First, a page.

Consumer groups — along with paper-producing interests — are urging the federal government to improve safeguards for Social Security recipients, as the government phases out paper checks for beneficiaries in favor of electronic deposits.
Beginning in March, all Social Security checks will be deposited electronically unless recipients apply for and receive a waiver to keep getting payments via paper checks.
Recipients must receive the payments by direct deposit to a bank account, or to a debit card, including the government’s DirectExpress card.
The debit cards allow beneficiaries to make retail purchases with the card or withdraw the funds from automatic teller machines. If current recipients don’t choose a deposit option by March 1, they’ll automatically be sent a DirectExpress card to avoid any delay in receipt of benefits, the Social Security Administration says.
The move is part of an continuing effort by the federal government to reduce paper and cut costs by going electronic for all sorts of things, including savings bonds, unemployment benefits and Social Security benefit statements. Already, 94 percent of beneficiaries receive payments electronically, according to the Office of Inspector General for the Social Security Administration.
But in testimony before a congressional committee this month, consumer advocates urged the government to make sure that safeguards are in place to prevent fraud, like re-directing recipients’ electronic payments, and that the waiver process for recipients who do not want electronic deposits is clear and straightforward.
Beneficiaries aged 92 and older are exempt from the electronic deposit requirement, and others who still want to get paper checks can apply for a waiver. But according to testimony from the National Consumer Law Center, the waiver process is so difficult that few waivers actually have been granted. The group urges the government to liberalize the waiver process, so people who are more comfortable getting paper checks may continue to do so.
While the vast majority of recipients already have voluntarily switched to electronic deposit, “the population that has resisted doing so to date generally has a good reason,” according to testimony from Margot Freeman Saunders, a lawyer with the consumer law center. They include people who don’t have a bank account; those who don’t understand or feel comfortable with direct deposit; and people who already have workable and affordable methods of receiving their benefits.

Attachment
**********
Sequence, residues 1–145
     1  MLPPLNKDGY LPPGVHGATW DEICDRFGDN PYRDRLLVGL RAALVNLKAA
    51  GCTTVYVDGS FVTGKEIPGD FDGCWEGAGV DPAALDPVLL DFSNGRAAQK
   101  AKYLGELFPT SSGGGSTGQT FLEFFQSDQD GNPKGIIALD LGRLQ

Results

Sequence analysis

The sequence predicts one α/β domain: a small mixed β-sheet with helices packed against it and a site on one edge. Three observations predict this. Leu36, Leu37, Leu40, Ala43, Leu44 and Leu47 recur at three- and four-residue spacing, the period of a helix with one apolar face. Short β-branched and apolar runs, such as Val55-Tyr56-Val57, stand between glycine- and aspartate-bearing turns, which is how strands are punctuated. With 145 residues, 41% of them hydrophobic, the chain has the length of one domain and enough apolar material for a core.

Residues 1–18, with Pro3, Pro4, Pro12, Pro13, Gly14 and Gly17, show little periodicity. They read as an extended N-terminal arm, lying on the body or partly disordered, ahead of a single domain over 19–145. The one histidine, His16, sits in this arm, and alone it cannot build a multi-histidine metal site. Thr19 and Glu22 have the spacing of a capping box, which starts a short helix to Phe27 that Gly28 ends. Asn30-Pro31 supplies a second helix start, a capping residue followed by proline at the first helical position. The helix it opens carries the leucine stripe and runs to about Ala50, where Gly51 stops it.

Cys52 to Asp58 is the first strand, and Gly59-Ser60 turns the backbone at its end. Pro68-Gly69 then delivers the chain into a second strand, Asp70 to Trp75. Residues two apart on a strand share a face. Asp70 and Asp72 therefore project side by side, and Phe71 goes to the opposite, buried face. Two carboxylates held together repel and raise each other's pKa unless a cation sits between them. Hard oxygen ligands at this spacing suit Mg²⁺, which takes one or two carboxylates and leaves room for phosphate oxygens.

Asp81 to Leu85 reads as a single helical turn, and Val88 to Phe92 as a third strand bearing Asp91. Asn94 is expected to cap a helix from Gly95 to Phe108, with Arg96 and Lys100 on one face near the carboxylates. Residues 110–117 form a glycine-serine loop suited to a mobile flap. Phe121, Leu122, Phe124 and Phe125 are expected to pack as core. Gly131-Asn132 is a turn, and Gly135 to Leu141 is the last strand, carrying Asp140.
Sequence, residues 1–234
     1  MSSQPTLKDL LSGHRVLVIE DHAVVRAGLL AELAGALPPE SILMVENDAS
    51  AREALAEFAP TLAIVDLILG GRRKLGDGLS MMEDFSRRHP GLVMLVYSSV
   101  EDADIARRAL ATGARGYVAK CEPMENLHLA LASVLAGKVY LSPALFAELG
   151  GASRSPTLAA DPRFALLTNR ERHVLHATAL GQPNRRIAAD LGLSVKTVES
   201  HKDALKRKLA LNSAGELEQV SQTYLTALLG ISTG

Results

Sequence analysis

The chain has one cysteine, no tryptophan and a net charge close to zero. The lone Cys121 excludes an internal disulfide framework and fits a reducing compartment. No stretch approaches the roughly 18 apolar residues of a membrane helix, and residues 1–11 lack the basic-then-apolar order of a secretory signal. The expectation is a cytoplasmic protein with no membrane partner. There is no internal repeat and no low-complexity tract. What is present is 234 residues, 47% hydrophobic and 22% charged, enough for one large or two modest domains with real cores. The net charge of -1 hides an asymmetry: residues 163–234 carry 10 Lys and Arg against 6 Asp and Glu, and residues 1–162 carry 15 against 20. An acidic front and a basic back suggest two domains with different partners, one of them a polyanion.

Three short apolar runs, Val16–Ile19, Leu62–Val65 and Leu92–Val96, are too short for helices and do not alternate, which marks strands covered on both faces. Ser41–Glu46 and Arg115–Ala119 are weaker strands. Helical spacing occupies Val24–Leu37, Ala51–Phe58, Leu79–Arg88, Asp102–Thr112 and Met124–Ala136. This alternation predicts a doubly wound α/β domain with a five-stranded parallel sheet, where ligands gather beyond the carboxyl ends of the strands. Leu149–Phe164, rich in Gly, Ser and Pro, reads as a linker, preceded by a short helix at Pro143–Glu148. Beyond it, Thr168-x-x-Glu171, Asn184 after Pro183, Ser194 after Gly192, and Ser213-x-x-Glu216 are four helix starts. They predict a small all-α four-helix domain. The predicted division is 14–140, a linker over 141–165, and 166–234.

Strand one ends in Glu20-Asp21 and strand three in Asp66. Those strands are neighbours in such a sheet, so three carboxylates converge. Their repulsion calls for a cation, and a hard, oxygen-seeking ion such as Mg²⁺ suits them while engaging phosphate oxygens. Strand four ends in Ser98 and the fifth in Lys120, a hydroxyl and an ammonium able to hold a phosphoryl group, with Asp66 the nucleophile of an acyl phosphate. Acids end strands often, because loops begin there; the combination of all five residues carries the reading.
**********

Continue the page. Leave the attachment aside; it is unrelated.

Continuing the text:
Of the over 72,000 calls received by Treasury between May 1, 2011 and July 30, 2012 regarding a waiver, only about 14,000 were even sent a waiver packet with instructions, she said. Then, only 281 notarized responses were received back by Treasury. Those numbers, Ms. Freeman Saunders said, are a “clear illustration” that the need for the waiver far exceeds the number of people actually obtaining one.
Fraud is another concern. The Inspector Generalof the Social Security Administration said in testimony to Congress this month that it has received more than 19,000 reports about questionable or unauthorized changes to recipients’ direct-deposit information, apparently as part of efforts to illegally re-direct monthly payments.
“These reports have involved either an unauthorized change to direct deposit information, or a suspected attempt to make such a change,” according to testimony by Patrick P. O’Carroll Jr., the inspector general for the SSA.
The Inspector General has recommended Social Security make changes to prevent fraudulent redirection of deposits, like developing an automatic notification system to alert recipients of any changes to their deposit information.
On a less dramatic level, consumer groups caution that debit cards may pose challenges for some senior citizens, who may not be used to using PINs and many not know how to properly safeguard them.
The cards also carry fees that seniors may be unaccustomed to paying. Fees under DirectExpress are relatively limited; the card offers one free ATM. withdrawal after the funds are deposited, and subsequent withdrawals carry a 90-cent fee. Fees also apply for receiving a monthly paper statement (75 cents) and for transferring funds to a personal bank account ($1.50).
A new advocacy group, Consumers for Paper Options, argues that the move will present a hardship for many elderly check recipients. The group has asked the government to retain paper checks as the default option, with electronic delivery available if requested by recipients.
“We think people ought to have a choice for important financial information,” said John Runyan, executive director of Consumers for Paper Options. He said the non-profit is primarily backed by “paper-based communication interests,” like the Envelope Manufacturers Association, the American Forest Paper Association and various paper companies.
Do you or your relatives receive a paper Social Security check? Are you concerned about the move to electronic payments?